Maximising the policy impact of your scientific research

At the recent joint BES and CCI Symposium ‘Making a Difference in Conservation: Improving the Links Between Ecological Research, Policy and Practice’ Journal of Applied Ecology Executive Editor, Marc Cadotte, and Associate Editor and Policy Direction author, Sarah Durant coordinated a workshop on maximising the policy impact of scientific research. This post was first published on the Applied Ecologist’s Blog.

Marc Cadotte discussing what we mean by policy Martin Nuñez.

In recent years there has been an evolution of the types of papers journals publish and as funders increasingly require impact it is becoming increasingly important to provide the policy and applied recommendations that can be taken from your research.

The workshop was split into two sections, with Marc discussing how to achieve and communicate policy relevant research and Sarah focusing on how to maximise policy impact when working overseas. The primary concerns of workshop attendees, who ranged from academics to practitioners to those who work somewhere in between, included:

  • access to the funding and resources to engage with policy when publication often comes at the end of the grant period
  • access to the scientific evidence in the form of papers is a huge barrier for practitioners, but not all academics can pay for open access
  • practitioners rarely read primary scientific papers and need information distilled into accessible and policy/management relevant formats
  • the novelty and generality required by many journals doesn’t necessarily fit with engaging with policy, which often requires details on a specific situation
  • the door to engage with politicians isn’t always open – how can this be overcome?
  • influencing policy seems to depend on knowing people who define policies.

In this blog post I have listed the key take-home messages from the workshop for maximising the policy impact of your scientific research. It was agreed that as a scientist you should bear some of the responsibility to communicate the policy implications of your research – you are best placed to communicate your research because you have unique insights into the topic, you can best represent your research and you may be funded by public money.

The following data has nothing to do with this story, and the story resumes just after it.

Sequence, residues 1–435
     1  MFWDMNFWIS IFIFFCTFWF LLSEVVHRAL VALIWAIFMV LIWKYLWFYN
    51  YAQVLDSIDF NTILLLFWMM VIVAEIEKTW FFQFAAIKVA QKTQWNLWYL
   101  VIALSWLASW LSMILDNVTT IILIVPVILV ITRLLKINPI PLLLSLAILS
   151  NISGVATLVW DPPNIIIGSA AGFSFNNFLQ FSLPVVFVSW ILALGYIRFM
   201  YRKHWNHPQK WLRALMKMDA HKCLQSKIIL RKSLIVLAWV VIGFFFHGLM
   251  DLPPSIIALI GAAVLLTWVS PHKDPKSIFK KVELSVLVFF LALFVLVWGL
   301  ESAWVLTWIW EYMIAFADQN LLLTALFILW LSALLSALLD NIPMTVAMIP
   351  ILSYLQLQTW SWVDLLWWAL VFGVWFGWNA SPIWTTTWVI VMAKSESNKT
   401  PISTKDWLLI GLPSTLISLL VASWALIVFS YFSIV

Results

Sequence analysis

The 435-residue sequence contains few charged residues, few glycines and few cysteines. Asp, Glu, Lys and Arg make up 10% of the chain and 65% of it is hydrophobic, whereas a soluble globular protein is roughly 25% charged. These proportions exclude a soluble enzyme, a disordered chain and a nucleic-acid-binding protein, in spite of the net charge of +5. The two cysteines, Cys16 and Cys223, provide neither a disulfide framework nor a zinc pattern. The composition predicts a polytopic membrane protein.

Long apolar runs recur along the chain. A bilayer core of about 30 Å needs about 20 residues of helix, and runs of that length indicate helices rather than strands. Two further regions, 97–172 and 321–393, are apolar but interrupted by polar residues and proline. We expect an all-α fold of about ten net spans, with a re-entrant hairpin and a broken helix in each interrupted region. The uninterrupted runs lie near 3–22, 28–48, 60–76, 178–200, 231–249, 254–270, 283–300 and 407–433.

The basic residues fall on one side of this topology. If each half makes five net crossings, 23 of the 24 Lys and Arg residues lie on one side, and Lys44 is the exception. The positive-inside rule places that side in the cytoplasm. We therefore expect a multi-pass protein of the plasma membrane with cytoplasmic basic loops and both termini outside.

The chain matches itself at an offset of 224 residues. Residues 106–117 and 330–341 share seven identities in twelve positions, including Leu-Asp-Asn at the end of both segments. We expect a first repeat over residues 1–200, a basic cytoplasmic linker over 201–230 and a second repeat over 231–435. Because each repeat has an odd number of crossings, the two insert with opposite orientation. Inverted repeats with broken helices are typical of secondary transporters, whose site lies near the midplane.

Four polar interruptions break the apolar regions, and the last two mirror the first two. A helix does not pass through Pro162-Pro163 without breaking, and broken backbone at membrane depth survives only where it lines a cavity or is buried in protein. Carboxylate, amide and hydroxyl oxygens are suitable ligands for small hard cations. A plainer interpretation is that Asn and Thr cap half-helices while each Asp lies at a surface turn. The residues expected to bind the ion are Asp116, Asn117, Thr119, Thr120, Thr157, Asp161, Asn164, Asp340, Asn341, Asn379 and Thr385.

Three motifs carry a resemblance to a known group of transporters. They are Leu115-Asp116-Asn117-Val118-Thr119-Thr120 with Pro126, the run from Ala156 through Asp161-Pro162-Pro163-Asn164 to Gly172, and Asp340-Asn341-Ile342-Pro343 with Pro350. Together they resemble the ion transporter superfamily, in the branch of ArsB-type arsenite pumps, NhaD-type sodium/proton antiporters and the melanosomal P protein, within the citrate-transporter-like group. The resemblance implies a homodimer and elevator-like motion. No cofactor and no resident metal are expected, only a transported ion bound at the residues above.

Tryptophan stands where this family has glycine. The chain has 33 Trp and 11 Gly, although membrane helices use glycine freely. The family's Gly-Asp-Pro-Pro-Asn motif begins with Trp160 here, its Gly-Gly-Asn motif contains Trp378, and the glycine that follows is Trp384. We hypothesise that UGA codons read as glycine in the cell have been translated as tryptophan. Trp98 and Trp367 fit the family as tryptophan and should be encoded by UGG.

There are many reasons why ecologists should prioritize policy communication and you can also read Marc’s post on who should communicate the policy implications of ecological research here.

Tips for maximising the policy implications of your research:

  • Bear in mind that policy instruments are complex. Where you lack experience in this complexity seek advice from an expert who specialises in the aspects of policy your research could affect.
  • Distil evidence into accessible and policy-relevant formats e.g. lay summaries, policy briefs, short reviews (the IIED briefings are good examples of this).
  • Choose the right journal to increase the chances that the relevant policymakers will see the paper when it is published.
  • Plan ahead and make the policy relevance of your article clear, especially in the abstract. You can read Marc’s tips on planning and execution, writing clearly and effectively and post publication communication in the presentation slides.
  • Engage policymakers right from the start, and – although it may sound obvious – know your problem. What aspects of policy may need to change? What are the policy implications of your evidence? What is the scale of the effect – Local/ National/ Regional/ International?
  • Think about what the potentially relevant policy instruments are e.g. relevant national legislation or international policies such as CBD, CITES, CMS, and which are likely to have the strongest impact and are most practical for what you want to achieve.
  • Think about whether you will need funding to consider the policy aspects of your research in your original proposal. Sometimes this can be difficult as you don’t always know what the policy implications will be until you have your results, but it is often possible to hazard a good guess. Very often the add-on does not mean significant additional funding and separate policy funding streams are available.
  • Bring the scientific community together so that there is a majority scientific consensus on the evidence e.g. the new Policy Direction format provides a good forum for doing this – see, for example, Developing fencing policies for dryland ecosystems. This makes it much easier for practitioners to understand and make use of your evidence.
  • Be aware of different perspectives and build relationships of trust with governments (this may be especially important for conservationists trying to increase policy impact in overseas research).
  • Use social media to communicate and share knowledge.
  • After publication communicate your research through blogs and local and national media. As discussed later in the CCI-BES Symposium meeting by Serah Munguti from Nature Kenya and Fiona Fox from the Social Media Centre it is important that scientific stories make it into the media because the public pay attention to the media and policymakers take into account what the electorate are saying when making decisions.

The final, and possibly the most important take-home message from the workshop was to talk to people about the policy implications of your research. Communication is crucial. You know your evidence better than anyone else and if you don’t engage – then who will?

Maximising the policy impact of scientific research Mark Cadotte